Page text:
Trump takedowns need accountability

Late last week, in response to the insurrection at the Capitol, Twitter and Facebook removed Donald Trump’s accounts. This revoked his ability to broadcast his views, spread disinformation about the election, and mobilise support for his views. Likewise, Apple and Google have banned the social media network Parler from their app stores, and Amazon has removed hosting support from Parler as well.

In most respects, this outcome will seem entirely reasonable: here are accounts and platforms being used in an unacceptable manner to sow public discord, incite violence resulting in deaths, and undermine the democratic transfer of power in the USA. That cannot be supported. Tech companies were placed in a situation where they were morally obliged to take action. Nevertheless, the blunt exercise of corporate power without accountability should concern us.

Here in the UK, prominent voices including Damian Collins and Matt Hancock have raised the implications; Hancock has asserted that platforms are in effect accepting liability for their content. What the public needs to ask is who is making these decisions, what processes they use, and to whom they are accountable.

This is important from a UK perspective. Under the forthcoming online harms legislation, Government intends to empower a state regulator, Ofcom, to ensure that platforms and online service providers take active steps to reduce ‘harms’, enforce terms & conditions and content moderation guidelines, and to remove content when it breaks the law.

Our position is that platforms’ decisions about content need to be held to independent account. This oversight should be done either by the courts, or by an independent, non-state regulator. 

Ofcom, while technically independent, is accountable to the state: it is paid for by Government and operates through laws passed through Parliament. Its high-level leadership appointments are political. Thus it is potentially open to Government pressure, and can have its remit easily adjusted if Parliament does not like the outcomes it delivers.

In a case like that of Donald Trump, this would make for very uncomfortable decisions which could easily begin to undermine the credibility of the regulator. The regulator would, in the first instance, claim that individual takedowns of individual content are not its job: which would be true. If terms and conditions, or free expression considerations, prevented questionable content from being removed, then political pressure could easily be applied to ensure that the preferred outcome is delivered.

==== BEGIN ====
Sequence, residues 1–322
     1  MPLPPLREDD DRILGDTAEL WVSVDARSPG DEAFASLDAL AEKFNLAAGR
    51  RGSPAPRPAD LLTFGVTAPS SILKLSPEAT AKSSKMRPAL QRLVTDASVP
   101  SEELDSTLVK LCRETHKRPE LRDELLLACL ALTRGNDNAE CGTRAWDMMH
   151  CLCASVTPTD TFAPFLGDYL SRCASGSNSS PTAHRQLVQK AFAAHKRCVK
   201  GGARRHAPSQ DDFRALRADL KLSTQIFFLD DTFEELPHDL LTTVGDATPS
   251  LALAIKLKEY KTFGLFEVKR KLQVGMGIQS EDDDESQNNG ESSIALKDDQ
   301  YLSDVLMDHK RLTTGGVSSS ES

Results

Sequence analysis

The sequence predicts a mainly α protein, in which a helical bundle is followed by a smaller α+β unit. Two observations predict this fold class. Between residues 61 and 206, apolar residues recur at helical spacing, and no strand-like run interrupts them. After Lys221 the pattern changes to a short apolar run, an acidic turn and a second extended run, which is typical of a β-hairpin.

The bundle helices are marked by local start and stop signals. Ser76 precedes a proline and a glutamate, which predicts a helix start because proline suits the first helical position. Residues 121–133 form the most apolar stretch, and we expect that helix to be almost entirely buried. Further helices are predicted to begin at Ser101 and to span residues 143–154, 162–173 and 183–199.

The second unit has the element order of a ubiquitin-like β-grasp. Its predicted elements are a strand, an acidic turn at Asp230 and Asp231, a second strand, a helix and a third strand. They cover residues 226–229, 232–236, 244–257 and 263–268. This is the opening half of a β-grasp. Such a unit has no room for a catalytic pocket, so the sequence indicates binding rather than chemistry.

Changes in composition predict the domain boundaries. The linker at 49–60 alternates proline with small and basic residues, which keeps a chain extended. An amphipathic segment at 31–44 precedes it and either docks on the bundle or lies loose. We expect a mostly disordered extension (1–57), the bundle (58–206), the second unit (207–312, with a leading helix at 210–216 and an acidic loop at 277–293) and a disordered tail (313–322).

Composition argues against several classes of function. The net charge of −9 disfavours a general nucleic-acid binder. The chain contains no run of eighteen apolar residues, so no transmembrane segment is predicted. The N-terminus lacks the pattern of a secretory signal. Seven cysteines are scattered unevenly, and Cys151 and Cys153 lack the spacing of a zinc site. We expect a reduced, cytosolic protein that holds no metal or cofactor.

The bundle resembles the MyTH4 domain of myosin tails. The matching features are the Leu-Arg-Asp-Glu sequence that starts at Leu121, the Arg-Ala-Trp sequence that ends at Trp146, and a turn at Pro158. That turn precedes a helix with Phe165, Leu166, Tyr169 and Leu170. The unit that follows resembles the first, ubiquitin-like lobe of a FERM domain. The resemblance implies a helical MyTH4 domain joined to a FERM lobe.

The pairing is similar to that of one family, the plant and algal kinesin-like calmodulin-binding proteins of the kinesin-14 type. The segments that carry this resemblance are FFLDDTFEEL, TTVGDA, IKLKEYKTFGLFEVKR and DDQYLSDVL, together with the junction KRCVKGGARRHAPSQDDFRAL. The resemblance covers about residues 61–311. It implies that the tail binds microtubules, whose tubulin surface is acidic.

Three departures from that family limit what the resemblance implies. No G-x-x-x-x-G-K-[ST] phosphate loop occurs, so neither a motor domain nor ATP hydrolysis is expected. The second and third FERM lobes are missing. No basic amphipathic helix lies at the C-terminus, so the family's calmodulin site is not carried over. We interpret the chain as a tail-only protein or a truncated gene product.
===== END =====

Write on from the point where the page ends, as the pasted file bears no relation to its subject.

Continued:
This is not a small problem. Here in the UK, even outside the online harms framework, a great deal of legal content gets removed as the result of terms and conditions which are either too broad or are misapplied. Content takedowns are already a big problem for legitimate political discourse, often for marginalised groups and communities.

While the UK proposals do include mechanisms for appeals against takedown decisions, these ultimately rely on the terms and conditions of the platform or online service. If a particular kind of content is disallowed, the appeals would need to be made on the basis of those restrictions, rather than the law. Thus the contest could easily become about the limits of terms and conditions, and whether these need to be more restrictive or permissive. The door is open to political pressure on the regulator to rule that terms and conditions need to be made more restrictive for reasons of ‘safety’.

Content decisions should be based on open and independent processes. Facebook has a better story to tell here, and we expect this decision to ban Donald Trump to be a test of that. The Facebook Oversight Board, which is administratively independent of Facebook, is very likely to look at this decision and to decide for itself whether this decision should stand, and on what basis. In its work, the Board has to consider freedom of expression as well as the terms and conditions set out by Facebook. It can recommend adjustments to policy, as well as instruct Facebook to reinstate content, unless this would cause Facebook to break the law. If content should stay down, then the Oversight Board makes that decision and explains why.

All of that is much better than Apple, Amazon or Twitter’s decisions to remove Trump’s account or the Parler app with no comeback, and through exceptional decisions taken in response to specific events, set precedents which could be misused in the future. While we have not yet seen how Facebook’s Oversight board works overall, and how influential it becomes to make content moderation accountable more widely, it has at least advanced enough to be asked to make a decision on this.

Independent accountability matters a lot more than just this one decision. Conspiratorial thinking, and disempowerment, have fuelled Trump’s polititcs; and those sentiments are not absent from our own politics in the UK. Institutions which are independent and effective are critical to reestablishing public trust, establishing precedents based in the rule of law, and marginalising the politics of bad faith. Indeed, the right decisions made now can help to prevent future populist movements from ever going as far as they have.

While UK politicians demand more control over social media platforms, they would be careful to design systems that do this without politicising decisions and continuing to undermine trust. Independent external oversight is a key to this, but the online harms proposals do not yet establish this. Yet they could: particularly if they move away from a state regulator, and look to a model like Co-regulation which is less susceptible to political interference.

Let’s hope that UK politicians learn the right lessons from this week’s events.

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